The Chinese economy continues to cool, and the World Bank has lowered its 2014 forecast to 7.6 percent growth, down from an earlier 7.7 percent. The global recovery remains shaky as 2014 kicks off with a “bumpy start”.
The World Bank’s April Asia report confirms the world’s second largest economy is slowing down.
China’s $9 trillion economy, roughly half of America’s total GDP, has steadily contracted for the past 12 quarters, partly because of an initiative by the government to shift the focus from exports to domestic growth. The China’s National’s People’s Congress has set a 7.5 percent GDP target for 2014.
A slowdown in the Chinese economy will have an effect worldwide, as China is the world’s most highly integrated trade hub.
“As in the case of spillover from the advanced economies, a slower-than-expected growth in China will hurt the region mainly through the trade channel,” the report said. Commodity markets will be hit especially hard, as China is the world’s largest importer of raw materials.
Financial bubbles have formed in China, especially in the real estate and asset purchase sectors. In tandem with the US Federal Reserve tapering its stimulus spending, there is concern some of these bubbles may burst and create a negative economic ripple worldwide.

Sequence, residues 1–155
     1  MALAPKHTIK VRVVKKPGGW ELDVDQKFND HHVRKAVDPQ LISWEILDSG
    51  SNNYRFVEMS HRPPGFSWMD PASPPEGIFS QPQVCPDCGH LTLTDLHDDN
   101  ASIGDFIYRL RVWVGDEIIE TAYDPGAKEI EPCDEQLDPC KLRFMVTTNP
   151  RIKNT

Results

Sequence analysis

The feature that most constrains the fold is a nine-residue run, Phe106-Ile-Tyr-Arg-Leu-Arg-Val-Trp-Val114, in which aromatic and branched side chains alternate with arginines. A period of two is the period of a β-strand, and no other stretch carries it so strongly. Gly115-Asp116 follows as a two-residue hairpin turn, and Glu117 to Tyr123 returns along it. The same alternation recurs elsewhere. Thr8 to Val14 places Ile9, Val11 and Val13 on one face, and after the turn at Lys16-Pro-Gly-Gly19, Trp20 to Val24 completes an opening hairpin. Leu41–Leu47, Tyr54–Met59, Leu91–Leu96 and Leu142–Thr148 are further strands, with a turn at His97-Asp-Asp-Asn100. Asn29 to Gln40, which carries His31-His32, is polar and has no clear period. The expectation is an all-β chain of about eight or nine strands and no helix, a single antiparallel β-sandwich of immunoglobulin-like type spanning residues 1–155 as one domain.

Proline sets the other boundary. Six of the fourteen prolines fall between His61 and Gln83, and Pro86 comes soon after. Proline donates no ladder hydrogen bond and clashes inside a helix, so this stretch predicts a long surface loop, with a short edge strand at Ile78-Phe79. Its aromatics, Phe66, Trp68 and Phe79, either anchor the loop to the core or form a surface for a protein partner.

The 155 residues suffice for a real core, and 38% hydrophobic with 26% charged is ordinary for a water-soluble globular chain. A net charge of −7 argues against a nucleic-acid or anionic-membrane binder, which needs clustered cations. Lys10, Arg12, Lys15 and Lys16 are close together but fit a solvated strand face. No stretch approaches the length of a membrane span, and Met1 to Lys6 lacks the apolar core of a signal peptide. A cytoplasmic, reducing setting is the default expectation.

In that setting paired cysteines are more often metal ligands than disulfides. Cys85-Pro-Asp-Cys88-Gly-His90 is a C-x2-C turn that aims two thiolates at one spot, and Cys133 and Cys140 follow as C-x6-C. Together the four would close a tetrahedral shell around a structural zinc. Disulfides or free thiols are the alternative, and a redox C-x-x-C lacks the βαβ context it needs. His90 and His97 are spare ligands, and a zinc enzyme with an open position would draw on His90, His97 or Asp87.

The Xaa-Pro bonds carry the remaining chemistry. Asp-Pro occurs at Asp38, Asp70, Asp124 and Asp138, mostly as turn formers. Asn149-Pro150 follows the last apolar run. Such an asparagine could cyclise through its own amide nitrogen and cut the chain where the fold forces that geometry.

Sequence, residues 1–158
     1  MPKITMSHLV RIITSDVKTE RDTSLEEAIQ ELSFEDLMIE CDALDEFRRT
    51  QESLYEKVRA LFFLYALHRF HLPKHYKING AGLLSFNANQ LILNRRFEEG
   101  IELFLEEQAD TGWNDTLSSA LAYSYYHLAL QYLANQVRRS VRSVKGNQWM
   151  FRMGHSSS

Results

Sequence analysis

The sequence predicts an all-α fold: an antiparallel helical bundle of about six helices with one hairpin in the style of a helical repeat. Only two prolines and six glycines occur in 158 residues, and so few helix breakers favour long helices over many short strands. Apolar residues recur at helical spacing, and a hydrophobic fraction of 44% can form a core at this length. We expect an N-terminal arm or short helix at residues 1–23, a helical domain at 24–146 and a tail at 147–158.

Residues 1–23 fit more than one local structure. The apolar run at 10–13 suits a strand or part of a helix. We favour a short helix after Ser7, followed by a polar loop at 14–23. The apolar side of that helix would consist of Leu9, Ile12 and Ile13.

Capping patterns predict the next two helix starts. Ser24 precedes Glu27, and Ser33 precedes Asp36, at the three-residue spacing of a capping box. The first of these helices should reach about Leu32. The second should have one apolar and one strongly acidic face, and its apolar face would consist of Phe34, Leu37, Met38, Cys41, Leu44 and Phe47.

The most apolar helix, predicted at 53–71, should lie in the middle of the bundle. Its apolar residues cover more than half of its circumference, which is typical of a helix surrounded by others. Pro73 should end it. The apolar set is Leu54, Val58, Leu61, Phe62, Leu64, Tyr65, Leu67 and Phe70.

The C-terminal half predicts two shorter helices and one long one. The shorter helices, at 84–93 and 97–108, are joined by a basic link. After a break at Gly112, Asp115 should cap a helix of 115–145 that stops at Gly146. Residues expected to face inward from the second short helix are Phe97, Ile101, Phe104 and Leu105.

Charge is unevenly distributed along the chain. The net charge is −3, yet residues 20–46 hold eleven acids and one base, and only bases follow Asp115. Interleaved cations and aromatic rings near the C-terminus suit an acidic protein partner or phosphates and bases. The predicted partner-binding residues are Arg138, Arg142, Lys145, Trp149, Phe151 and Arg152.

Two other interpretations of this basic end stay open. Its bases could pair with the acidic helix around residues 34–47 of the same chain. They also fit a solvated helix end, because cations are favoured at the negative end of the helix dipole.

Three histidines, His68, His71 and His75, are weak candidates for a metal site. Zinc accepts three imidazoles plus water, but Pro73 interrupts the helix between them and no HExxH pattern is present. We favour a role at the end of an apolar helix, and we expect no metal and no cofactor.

Less than robust economic indicators reflect this trend. Exports in February contracted 18.1 percent year on year, in part because of the move away from exports, also in part due to weak demand from Europe and the US, and adverse weather conditions in the first quarter of 2014.
The period coincides with the Chinese New Year, which started on January 31and followed by several banking holidays, and relative non-active economic activity.
The country’s Purchasing Managers Index (PMI), fell to 49.5 in January and fell further to 48.5 in February, both below a “healthy” index reading of 50 and above.
The World Bank report concludes that despite the superficial weaknesses, China’s economy is still set to reach “sustainable and inclusive” growth in the long-term.
The Chinese government set out an ambitious and comprehensive reform agenda in November 2013 to completely overhaul its economy over the next ten years.
In a section called “China’s reform roadmap”, the World Bank looks at the tasks ahead for a country that juggles state controls with exposure to the free market.
Reducing state interventions is important for sustained growth, but a difficult task for an economy that is fueled by hundreds of gargantuan state-owned enterprises.
“An important step to deepen economic reforms will be redefining the relationship between the government and the market,” the report says.
“Some reforms, including efforts to reduce regulatory and administrative burdens, reform taxation, and make more land available for commercial activities, are also likely to support growth in the short term,” the report said.